12 Aug 2023

To celebrate World Elephant Day, we’ve worked in collaboration with the Deafness Support Network to create the first British Sign Language (BSL) interpretation at a UK zoo!


This initiative is a unique opportunity for the D/deaf community to access our signs at the Asian elephants habitat in native British Sign Language

It’s estimated that over 150,000 people in the UK use British Sign Language (BSL) as their preferred language. Many D/deaf people often struggle to learn written English as a second language as they are unable to immerse themselves orally within it. With this understanding, we decided to address this through the creation of some new BSL content.

In collaboration with the Deafness Support Network, the Interpretation and Digital team at the zoo have worked closely to create a BSL version of our signs at the Asian Elephant habitat ready for World Elephant Day. Visitors can scan a QR code on their smart phone and access a BSL video featuring Lisa Birtles – a deaf woman and native BSL user presenting the same information on the signs using British Sign Language. The use of a QR code is a great example of how we can use digital to enhance our signs in the zoo, bringing learning to life and enabling more people to access our conservation information.

British Sign Language sign at the Elephants habitat at Chester Zoo
The new BSL signs at the elephants habitat

The new signs have been designed to specifically indicate where people can access our BSL content. Lisa believes that this initiative will revolutionise the zoo experience for BSL users, allowing them to connect with the experience on a profound level:

 “As a BSL interpreter, I understand the impact of effective communication. I am honoured to be part of this project, working alongside Chester Zoo to make the zoo accessible to all BSL users. By bringing the conservation stories about elephants to life through BSL interpretation, we can create an extraordinary experience for BSL users, fostering a deeper connection with the animal kingdom.”

We hope this initial signage will be a stepping stone to more BSL content throughout the zoo. Our work with the D/deaf community has been hugely rewarding and we want to continue building these relationships. Whether learning about endangered wildlife or climate change, this unique project will have a huge impact on the D/deaf community and in making the zoo more accessible.

Gill Reeder, Executive Operations at the Deafness Support Network, expressed her excitement about the new signs. She said:

 “We are thrilled to be working alongside Chester Zoo to make this important change. Our collaboration is a testament to the power of working together, as we strive to create a more inclusive environment that recognises the needs of the BSL community. On World Elephant Day, we celebrate the progress we have made and look forward to continuing this journey toward accessibility for all.”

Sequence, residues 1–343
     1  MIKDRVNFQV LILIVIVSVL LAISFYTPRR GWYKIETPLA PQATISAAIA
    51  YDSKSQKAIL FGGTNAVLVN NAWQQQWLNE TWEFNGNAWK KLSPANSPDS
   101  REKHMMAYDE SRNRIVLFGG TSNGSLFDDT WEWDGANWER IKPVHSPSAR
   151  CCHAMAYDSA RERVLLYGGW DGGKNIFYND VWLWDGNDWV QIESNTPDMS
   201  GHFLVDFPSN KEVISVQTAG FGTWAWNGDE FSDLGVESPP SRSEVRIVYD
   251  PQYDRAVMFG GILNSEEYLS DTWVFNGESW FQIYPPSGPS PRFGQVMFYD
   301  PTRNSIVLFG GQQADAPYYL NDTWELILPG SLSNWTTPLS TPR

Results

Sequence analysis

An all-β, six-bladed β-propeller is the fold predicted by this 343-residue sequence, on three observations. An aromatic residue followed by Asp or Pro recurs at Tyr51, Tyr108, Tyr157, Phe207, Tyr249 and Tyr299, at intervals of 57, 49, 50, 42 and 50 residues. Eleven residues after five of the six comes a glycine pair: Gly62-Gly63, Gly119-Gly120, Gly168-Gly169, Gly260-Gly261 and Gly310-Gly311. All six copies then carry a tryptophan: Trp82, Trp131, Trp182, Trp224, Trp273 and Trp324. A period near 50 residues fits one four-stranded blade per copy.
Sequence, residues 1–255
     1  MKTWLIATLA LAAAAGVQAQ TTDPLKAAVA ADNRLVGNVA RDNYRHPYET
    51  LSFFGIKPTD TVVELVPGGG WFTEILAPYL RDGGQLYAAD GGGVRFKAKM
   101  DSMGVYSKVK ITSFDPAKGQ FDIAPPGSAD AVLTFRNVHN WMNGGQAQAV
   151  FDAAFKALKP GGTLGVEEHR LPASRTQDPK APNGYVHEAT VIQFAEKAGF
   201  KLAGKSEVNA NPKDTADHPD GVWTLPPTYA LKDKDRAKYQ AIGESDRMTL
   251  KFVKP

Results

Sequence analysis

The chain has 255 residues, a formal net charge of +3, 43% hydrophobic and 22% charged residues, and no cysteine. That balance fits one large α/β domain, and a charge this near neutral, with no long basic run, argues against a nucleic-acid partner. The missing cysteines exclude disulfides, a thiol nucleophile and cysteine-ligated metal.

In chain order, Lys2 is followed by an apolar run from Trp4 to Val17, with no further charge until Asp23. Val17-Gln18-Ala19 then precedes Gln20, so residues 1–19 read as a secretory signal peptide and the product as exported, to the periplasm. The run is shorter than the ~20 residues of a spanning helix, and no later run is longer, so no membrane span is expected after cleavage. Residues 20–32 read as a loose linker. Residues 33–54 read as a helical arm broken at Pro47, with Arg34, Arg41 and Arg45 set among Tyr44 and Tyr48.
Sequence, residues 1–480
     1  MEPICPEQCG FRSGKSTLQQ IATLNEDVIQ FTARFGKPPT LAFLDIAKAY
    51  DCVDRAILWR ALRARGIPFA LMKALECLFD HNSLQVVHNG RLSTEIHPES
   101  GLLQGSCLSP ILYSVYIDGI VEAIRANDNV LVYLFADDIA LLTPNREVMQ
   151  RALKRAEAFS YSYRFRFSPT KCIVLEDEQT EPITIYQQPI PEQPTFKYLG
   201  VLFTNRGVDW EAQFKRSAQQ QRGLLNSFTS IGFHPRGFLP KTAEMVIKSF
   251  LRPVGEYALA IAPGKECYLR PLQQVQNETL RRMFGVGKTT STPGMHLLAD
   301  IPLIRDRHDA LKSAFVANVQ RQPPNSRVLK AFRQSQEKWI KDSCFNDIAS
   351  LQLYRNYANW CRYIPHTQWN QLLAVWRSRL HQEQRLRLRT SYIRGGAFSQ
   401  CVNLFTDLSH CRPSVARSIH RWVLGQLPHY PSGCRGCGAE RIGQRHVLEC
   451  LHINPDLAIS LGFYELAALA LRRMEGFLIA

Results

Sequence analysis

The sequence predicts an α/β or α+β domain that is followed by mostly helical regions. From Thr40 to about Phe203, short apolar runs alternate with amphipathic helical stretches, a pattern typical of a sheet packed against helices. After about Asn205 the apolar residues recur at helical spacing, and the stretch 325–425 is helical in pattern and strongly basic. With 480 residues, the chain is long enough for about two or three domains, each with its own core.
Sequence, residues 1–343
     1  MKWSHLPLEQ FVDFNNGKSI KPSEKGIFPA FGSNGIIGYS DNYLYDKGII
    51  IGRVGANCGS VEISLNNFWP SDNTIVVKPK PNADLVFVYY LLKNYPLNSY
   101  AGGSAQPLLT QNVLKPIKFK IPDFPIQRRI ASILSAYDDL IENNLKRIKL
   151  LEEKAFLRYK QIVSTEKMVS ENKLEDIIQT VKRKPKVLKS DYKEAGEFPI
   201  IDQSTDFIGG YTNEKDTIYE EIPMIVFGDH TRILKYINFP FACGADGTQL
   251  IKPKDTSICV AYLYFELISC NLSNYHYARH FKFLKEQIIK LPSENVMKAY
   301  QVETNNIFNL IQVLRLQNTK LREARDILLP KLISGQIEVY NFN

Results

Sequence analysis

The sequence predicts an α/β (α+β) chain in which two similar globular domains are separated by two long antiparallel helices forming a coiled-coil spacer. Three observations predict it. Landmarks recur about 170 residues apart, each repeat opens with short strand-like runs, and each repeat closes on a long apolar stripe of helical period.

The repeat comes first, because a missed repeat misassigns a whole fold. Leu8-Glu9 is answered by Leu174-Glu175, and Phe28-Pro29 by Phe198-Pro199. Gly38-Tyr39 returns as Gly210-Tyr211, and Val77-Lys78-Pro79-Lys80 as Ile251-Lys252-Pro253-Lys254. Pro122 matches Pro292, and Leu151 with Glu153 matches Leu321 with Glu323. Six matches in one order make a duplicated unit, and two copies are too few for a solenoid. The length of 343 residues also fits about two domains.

Reps from the Deafness support network stand by the BSL signs at elephants with Chester Zoo staff
Gill Reeder and Lisa Birtles from the Deafness Support Network stand with Jess Neale, Zoe Batchelor and Lauren Walker from Chester Zoo.

Our mission at Chester Zoo is preventing extinction and one of our major 2030 targets is to empower 10 million people to live more sustainably. We want our mission to reach and be accessible to as many people as possible.

Lauren Walker, Digital Learning Manager at Chester Zoo who has worked on the project said: “Chester Zoo understands the importance of breaking down communication barriers, and the BSL videos will support members of the D/deaf community access information about the magnificent Asian elephants in an engaging and meaningful way.”

Here’s a short clip from the video that visitors can expect to see when scanning the QR code:


Zoë Batchelor, Interpretation Manager emphasised the zoo’s dedication to accessibility and innovation:

“At Chester Zoo, we believe that every visitor should have the opportunity to connect with wildlife and learn about conservation. The introduction of BSL interpretation on our signage is a significant step in our ongoing efforts to make the zoo accessible to all. We’re proud to pioneer the first BSL interpreted animal habitat, and are hoping to expand this initiative throughout the zoo in the future.”


The Deafness Support Network logo
The Deafness Support Network logo